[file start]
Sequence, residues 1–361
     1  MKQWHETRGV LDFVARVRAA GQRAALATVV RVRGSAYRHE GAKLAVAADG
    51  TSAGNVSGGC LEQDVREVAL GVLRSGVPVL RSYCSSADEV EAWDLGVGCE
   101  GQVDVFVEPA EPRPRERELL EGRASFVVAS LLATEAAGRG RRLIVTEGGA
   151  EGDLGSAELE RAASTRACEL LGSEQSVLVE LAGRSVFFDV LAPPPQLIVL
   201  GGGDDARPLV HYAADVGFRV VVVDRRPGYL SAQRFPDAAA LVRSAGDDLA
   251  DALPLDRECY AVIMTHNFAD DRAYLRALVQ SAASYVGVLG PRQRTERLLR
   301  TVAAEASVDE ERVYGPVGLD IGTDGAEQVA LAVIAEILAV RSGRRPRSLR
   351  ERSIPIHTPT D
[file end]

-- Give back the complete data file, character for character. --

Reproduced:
Sequence, residues 1–361
     1  MKQWHETRGV LDFVARVRAA GQRAALATVV RVRGSAYRHE GAKLAVAADG
    51  TSAGNVSGGC LEQDVREVAL GVLRSGVPVL RSYCSSADEV EAWDLGVGCE
   101  GQVDVFVEPA EPRPRERELL EGRASFVVAS LLATEAAGRG RRLIVTEGGA
   151  EGDLGSAELE RAASTRACEL LGSEQSVLVE LAGRSVFFDV LAPPPQLIVL
   201  GGGDDARPLV HYAADVGFRV VVVDRRPGYL SAQRFPDAAA LVRSAGDDLA
   251  DALPLDRECY AVIMTHNFAD DRAYLRALVQ SAASYVGVLG PRQRTERLLR
   301  TVAAEASVDE ERVYGPVGLD IGTDGAEQVA LAVIAEILAV RSGRRPRSLR
   351  ERSIPIHTPT D